In 1946 when the prospects for what would become the United Nations’ Universal Declaration of Human Rights (UDHR) appeared dim, President Harry Truman appointed Eleanor Roosevelt to a UN committee where she could promote universal human rights.
We comfort ourselves, saying, “This is not who we are.” But without deeper reflection, such pat answers are lies, strengthening the “vulgarized knowledge” that allow us to ignore the chasms that threaten to consume us.
There is no more dismal aspect of human history than the behavior of victors. However just their cause, they never fail to cast doubt upon its righteousness by the manner in which they exploit their victory.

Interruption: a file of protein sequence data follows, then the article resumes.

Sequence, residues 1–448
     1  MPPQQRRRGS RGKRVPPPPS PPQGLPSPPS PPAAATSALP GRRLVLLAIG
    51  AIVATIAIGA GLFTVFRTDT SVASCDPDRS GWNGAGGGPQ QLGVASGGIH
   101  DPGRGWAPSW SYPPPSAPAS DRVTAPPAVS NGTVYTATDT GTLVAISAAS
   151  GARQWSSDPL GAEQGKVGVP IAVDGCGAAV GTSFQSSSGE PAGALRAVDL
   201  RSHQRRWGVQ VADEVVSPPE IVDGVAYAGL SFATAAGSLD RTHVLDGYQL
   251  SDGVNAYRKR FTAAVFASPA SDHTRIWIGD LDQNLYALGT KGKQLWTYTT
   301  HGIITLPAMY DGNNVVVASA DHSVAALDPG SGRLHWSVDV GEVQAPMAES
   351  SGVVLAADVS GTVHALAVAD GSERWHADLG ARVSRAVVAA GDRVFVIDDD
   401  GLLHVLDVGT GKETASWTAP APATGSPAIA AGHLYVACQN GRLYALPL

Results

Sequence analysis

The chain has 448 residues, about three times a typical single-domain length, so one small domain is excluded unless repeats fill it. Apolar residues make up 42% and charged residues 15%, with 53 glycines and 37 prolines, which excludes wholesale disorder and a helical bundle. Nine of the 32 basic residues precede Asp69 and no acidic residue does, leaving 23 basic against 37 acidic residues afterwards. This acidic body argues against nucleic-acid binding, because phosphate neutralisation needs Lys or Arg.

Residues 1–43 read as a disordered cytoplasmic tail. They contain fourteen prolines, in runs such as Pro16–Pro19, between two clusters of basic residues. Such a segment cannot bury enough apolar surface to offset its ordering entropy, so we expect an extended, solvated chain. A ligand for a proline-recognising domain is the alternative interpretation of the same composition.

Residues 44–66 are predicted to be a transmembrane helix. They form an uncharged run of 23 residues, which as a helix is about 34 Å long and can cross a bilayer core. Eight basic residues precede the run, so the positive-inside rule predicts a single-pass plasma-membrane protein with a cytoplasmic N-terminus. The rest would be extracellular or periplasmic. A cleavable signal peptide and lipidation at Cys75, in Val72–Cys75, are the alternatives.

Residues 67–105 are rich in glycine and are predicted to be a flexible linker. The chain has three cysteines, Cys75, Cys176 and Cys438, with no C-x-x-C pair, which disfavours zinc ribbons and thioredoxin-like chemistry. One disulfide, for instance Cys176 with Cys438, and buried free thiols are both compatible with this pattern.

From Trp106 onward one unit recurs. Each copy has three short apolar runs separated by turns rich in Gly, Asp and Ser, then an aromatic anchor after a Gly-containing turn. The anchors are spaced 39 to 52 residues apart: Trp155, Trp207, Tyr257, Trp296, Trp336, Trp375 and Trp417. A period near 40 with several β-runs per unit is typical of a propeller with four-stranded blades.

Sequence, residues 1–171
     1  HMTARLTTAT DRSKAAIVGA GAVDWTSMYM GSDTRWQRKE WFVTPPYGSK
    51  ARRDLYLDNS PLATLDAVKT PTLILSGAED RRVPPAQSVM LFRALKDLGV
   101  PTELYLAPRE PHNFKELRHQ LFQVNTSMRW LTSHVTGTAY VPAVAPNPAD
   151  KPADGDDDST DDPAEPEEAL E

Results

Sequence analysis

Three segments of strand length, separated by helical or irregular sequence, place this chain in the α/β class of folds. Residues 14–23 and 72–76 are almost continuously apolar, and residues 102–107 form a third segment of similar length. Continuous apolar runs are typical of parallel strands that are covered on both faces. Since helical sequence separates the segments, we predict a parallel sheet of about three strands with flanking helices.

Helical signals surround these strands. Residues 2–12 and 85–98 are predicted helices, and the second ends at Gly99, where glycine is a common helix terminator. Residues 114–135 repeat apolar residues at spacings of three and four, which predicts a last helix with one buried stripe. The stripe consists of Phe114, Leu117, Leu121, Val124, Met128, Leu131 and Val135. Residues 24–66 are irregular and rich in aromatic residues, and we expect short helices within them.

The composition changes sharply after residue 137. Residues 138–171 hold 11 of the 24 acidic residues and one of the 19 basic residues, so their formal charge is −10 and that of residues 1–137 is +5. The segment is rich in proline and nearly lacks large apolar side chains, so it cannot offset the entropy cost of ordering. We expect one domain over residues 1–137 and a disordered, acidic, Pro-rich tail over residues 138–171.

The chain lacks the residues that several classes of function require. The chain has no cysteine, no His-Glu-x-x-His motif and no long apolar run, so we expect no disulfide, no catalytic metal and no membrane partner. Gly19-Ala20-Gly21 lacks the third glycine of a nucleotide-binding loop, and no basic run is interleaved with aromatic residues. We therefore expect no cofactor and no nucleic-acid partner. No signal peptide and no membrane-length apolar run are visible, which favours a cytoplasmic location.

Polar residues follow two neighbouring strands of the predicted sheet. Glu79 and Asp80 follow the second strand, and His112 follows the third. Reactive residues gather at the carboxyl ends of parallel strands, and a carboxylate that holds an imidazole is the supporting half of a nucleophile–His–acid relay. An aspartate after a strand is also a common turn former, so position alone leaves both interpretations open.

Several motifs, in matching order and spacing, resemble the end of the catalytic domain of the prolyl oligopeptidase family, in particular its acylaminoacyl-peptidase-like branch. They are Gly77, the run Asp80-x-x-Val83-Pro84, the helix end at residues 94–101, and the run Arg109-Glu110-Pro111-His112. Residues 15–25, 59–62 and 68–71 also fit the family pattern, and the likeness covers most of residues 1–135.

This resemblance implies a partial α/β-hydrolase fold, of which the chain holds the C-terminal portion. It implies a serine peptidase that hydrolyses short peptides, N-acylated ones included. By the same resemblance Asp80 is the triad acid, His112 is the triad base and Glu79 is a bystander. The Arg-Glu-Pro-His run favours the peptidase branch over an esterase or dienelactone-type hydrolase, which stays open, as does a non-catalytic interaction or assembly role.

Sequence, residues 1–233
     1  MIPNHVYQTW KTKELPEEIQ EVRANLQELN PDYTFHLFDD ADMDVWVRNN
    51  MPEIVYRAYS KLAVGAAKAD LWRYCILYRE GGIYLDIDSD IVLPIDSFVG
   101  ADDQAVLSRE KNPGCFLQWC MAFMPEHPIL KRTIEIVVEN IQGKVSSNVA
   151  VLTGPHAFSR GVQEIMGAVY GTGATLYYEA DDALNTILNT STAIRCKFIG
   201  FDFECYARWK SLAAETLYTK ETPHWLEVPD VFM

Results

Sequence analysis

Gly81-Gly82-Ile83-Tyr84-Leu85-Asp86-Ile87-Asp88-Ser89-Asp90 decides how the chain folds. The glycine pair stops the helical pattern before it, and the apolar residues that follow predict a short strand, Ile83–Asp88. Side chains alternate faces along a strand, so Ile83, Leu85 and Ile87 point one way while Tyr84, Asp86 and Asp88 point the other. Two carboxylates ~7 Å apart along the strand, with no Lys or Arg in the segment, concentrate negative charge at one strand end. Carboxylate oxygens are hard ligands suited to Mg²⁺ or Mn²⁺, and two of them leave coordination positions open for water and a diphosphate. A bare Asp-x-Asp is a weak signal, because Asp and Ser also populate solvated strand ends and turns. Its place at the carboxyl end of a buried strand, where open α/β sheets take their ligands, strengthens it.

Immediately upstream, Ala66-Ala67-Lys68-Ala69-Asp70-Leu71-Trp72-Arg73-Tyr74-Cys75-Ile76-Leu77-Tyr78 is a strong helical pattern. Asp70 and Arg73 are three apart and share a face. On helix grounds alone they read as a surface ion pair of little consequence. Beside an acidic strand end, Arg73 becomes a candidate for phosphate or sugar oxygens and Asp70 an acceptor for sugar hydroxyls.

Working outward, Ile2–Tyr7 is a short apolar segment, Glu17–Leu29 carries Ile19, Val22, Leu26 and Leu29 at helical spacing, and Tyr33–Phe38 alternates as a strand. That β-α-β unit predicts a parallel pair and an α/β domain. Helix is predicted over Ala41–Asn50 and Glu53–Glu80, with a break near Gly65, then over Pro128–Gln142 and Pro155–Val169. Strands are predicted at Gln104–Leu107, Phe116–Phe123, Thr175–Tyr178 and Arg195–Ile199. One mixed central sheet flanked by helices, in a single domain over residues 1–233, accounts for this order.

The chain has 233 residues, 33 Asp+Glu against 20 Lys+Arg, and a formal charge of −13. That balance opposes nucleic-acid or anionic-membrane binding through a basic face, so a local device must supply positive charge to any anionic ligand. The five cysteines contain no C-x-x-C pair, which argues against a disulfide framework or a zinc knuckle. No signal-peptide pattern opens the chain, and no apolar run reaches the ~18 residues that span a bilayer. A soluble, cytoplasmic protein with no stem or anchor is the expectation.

Eight weeks after the falsified Belarusian presidential elections, country-wide protests remain steady, and fervent democratic activism has arisen among an unsuspecting source—the Catholic Church. American Christians should follow and take a vocal stance for the Belarusian future.
What may come as a surprise to those of us who have learned about the great victory of America winning the space race is that the race was won amid critical bombardment about the money being spent and the rationale behind space exploration.
After Japan’s surrender 75 years ago, McCulloch implored Christians and governments to affirm “the dignity of the human person as the image of God” because this principle could determine the world’s fate.
Apologists of outer space exploration tout their collective efforts as the supreme manifestation of human rationality: peaceful, non-partisan, inoffensive, and humanistic. But the historical reality is that its institutional origins are largely irrational.